Wilco And The Art Of Being There

Leica D-Lux 3, ISO 800

Modern Wilco, the hip band that from Yankee Hotel Foxtrot on tuned us in to mysterious frequencies and gibberish language floating on the radio waves, is hellbent on showing their breadth.  So it is they could play a languid folk song like “One Sunday Morning (Song For Jane Smiley’s Boyfriend)” at Merriweather Post the other night, immediately following the Television-like “Black Bull Nova.”  Sometimes their folky consonant impulse is trumped by their noise-rock dissonant impulse in the same song, such as “Via Chicago,” which led off their encore, and includes the band just wailing, from out of nowhere, while Tweedy sings on as if nothing were amiss, his youthful voice prettily keeping to the melody.

There’s something oddly satisfying about their sweet’n’sour approach, even when it’s revealed as schtick.  When “I Am Trying To Break Your Heart” led off Foxtrot a decade ago, it was at once a reminder of the junkie cadences of Tom Verlaine’s “Yonki Time,” mashed up with the raw angst expressed by Alex Chilton in Sister Lovers — an in-the-moment, off-kilter, druggy song charming mostly in the way melody fought through entropy.  But now when they come out and they play it note for note — well, it’s incredibly powerful, but it’s show biz, right, an amazingly proficient band able to re-manufacture the moment of creativity, on stage, before 10,000 people, night after night.

I’ll take Wilco’s perfectionist absence of spontaneity over a less ambitious band’s more sincere raucousness, so long as they keep churning out albums with the scope and ambition of The Whole Love, released today, and with enough grist that we’ll be working through it for months, maybe years.

We’ve previously referenced how The Whole Love invokes Wilco’s Beatles impulse.  On Sky Blue Sky, we loved the tongue-in-cheek evocation of Abbey Road‘s sound — from Ringo’s plodding drums to the Billy Preston keyboards during the bridge of “I Hate It Here.”  On The Whole Love, we have Tweedy invoking John Lennon on “Sunloathe,” and “Capitol City” could have fallen off the back of the truck carrying The White Album master to the factory.  Just as we don’t begrudge them their consummate professionalism onstage, we love the fact that only Wilco and Olivia Tremor Control have figured out how to sound like the entire quartet, the complete Fab 4 — a little Macca vocal, a-a-nd here’s that George slide sound…

The first three songs of the concert the other night, all from The Whole Love — “The Art of Almost,” followed by “I Might,” followed by “Black Moon” — could be Wilco in miniature: experimental art-rock building to a psychedelic crescendo, followed by an homage to the New Wave soul sound of Get Happy, followed by a tuneful acoustic picker of almost breathtaking delicacy.  Sometimes the live band consists of three guitars and a keyboard, or two keyboards and two guitars, but its sound is always dense and layered, with multiple virtuosi — talents on the order of Nels Cline and Pat Sansone aren’t usually teamed in the same band, just like baseball teams don’t usually have a rotation like the Phillies’ — and always there is Tweedy, the Everyman with the rumpled, just-out-of-bed-even-if-I’m-dressed-up look, and the voice that is astonishingly even, steady, youthful, deceptively elastic and true.  We used to think it was anodyne, now we think it’s genius.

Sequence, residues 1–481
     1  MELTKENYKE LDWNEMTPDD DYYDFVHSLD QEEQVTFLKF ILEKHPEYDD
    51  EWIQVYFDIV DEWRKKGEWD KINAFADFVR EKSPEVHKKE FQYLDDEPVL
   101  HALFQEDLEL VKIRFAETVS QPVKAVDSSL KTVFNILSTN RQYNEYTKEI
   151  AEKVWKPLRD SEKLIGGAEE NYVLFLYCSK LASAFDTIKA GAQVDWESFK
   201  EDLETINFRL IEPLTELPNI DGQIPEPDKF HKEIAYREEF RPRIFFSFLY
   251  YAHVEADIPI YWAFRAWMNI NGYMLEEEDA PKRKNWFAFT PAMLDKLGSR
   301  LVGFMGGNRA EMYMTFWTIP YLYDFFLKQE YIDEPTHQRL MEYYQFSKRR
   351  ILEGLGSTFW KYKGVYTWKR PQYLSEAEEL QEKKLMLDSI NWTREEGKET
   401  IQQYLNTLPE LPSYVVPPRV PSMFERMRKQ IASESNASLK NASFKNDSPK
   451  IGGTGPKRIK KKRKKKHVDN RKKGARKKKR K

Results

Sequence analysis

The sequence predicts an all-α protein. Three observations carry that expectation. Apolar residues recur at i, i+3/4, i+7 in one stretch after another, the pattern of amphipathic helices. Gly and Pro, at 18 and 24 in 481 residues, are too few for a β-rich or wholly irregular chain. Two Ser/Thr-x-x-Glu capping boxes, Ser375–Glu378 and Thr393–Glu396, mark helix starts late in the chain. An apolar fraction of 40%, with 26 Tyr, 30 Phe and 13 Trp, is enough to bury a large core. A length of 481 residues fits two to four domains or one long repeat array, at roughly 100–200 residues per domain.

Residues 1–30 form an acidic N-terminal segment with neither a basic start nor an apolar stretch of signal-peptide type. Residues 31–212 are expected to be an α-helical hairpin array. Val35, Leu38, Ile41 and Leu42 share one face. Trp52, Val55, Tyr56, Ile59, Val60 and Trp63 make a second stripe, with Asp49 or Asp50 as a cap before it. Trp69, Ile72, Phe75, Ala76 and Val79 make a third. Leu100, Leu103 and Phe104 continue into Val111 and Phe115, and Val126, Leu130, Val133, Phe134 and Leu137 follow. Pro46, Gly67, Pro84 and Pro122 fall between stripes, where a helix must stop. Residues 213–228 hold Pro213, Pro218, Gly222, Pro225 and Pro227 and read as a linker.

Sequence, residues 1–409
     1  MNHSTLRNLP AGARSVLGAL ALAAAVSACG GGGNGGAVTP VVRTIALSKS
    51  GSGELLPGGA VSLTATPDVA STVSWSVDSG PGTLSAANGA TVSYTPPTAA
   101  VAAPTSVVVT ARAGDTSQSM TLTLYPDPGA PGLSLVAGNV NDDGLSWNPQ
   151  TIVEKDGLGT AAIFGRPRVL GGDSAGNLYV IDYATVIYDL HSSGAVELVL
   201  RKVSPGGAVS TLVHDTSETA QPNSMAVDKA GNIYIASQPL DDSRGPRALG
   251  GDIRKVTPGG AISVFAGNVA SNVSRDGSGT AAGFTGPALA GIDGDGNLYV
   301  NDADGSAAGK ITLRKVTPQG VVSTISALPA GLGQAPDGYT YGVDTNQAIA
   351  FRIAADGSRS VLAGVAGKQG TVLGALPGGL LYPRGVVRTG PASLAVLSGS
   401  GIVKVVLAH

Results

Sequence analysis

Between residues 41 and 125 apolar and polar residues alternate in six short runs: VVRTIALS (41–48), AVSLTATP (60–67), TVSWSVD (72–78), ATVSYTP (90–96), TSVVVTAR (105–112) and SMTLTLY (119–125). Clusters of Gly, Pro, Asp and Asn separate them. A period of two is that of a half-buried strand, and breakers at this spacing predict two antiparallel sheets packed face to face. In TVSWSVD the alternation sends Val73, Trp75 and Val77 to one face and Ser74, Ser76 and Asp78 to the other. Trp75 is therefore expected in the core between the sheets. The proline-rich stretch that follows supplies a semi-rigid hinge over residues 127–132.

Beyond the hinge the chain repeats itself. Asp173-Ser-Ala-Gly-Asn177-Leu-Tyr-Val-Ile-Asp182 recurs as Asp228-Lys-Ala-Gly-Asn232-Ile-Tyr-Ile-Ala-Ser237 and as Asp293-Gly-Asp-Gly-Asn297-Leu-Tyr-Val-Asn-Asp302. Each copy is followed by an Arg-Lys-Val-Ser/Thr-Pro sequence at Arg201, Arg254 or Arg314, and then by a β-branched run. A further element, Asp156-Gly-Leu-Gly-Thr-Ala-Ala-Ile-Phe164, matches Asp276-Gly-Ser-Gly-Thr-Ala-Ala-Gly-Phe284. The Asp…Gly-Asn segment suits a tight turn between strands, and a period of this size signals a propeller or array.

Longtime readers of Tulip Frenzy know that, over the years, we’ve been ambivalent about Wilco, for one reason in particular.  We don’t like bands that lull people into singing along with what we’ve perceived as heroin-chic lyrics — “Guess all I need is a shot in the arm… there’s something in my veins bloodier than blood”– etc.  In fact, the other night, we saw a dad lifting his little tow-head girl into the air while singing those words, and we thought, “Good God, man, listen to what you’re singing!”  On the other side of the ledger, when critics put down Sky Blue Sky because after Foxtrot  and A Ghost Is Born, it supposedly lacked “an edge,” it was a dumb allusion to Tweedy’s post-recovery sobriety, and one that pissed us off.

We’re done wrestling with Wilco.  The band that once titled an album Being There is — if you are there and in the moment, as they say — incredibly entertaining and enjoyable.  They also are, by dint of their accumulated songbook and the weight of their albums, the most “important” band of the present age, and what they produce achieves genuine greatness.  From the Southern rock of A.M.  to the encyclopedic The Whole Love, Wilco’s growth curve puts a fair number of pantheon cohabitants — we’re talking about you, U2 — to shame.  We throw in the towel, and not with reluctance.  Wilco has earned full rights to our devotion.

UPDATE: Anyone noticed how near the end of “One Sunday Morning (Song For Jane Smiley’s Boyfriend),” Nels Cline and Mikael Jorgenson/Pat Sansone sound EXACTLY like Fripp and Eno on Evening Star?

UPDATE 2: Dig the way on the D-Lux version on iTunes, includes the song “I Love My Label,” which is a direct invocation of Camper Van Beethoven.  Anyone can invoke the Ramones, but only the very cool dare sound like Camper.  Nice move, and happy about the record label, guys.

2 Responses to “Wilco And The Art Of Being There”

  1. Picklejuice Says:

    It’s funny — I always took “Something in my veins, bloodier than blood” to be one of the greatest lyrics, but until now I never assciated it with drugs. Really.

    I always figured it was an extraordinary paean to depression and dreams of happiness. It’s a poem I would not be afraid to expose my kids to.

    Great show, though. Thanks.

  2. johnbuckley100 Says:

    I think the preceding line about “maybe all I need is a shot in the arm” is a give away 🙂 JB

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